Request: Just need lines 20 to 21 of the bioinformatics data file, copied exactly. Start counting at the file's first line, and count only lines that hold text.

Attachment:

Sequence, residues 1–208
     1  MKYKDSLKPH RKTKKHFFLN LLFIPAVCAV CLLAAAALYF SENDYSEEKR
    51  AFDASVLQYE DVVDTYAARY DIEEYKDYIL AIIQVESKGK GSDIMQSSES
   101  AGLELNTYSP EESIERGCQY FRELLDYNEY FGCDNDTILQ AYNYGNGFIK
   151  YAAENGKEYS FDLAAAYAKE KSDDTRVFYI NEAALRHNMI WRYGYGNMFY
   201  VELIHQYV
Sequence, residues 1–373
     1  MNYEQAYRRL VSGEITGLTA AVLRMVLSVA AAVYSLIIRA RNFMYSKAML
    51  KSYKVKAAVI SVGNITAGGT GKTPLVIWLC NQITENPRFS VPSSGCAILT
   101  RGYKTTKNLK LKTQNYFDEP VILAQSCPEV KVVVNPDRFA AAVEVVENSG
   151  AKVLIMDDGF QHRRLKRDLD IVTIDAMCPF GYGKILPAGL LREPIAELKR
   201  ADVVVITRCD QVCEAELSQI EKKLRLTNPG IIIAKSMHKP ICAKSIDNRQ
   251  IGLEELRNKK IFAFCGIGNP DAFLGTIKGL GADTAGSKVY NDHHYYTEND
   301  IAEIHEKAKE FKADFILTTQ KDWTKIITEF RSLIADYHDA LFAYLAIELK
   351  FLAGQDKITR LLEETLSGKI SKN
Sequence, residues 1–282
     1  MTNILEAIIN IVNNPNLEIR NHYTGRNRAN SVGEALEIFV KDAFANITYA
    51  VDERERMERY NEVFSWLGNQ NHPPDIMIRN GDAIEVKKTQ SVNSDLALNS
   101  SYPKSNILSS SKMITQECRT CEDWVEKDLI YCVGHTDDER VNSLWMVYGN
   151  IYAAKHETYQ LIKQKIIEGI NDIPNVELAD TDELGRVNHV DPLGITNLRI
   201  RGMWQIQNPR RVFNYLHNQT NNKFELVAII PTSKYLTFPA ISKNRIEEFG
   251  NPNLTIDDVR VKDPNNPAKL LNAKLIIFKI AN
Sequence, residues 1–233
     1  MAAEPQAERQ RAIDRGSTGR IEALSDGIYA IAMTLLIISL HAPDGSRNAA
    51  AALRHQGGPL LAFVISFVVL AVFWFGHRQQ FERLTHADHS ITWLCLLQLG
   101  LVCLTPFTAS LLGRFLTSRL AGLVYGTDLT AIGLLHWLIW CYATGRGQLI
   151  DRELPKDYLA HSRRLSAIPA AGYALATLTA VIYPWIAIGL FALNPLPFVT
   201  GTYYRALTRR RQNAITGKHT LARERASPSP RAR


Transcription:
   151  IYAAKHETYQ LIKQKIIEGI NDIPNVELAD TDELGRVNHV DPLGITNLRI
   201  RGMWQIQNPR RVFNYLHNQT NNKFELVAII PTSKYLTFPA ISKNRIEEFG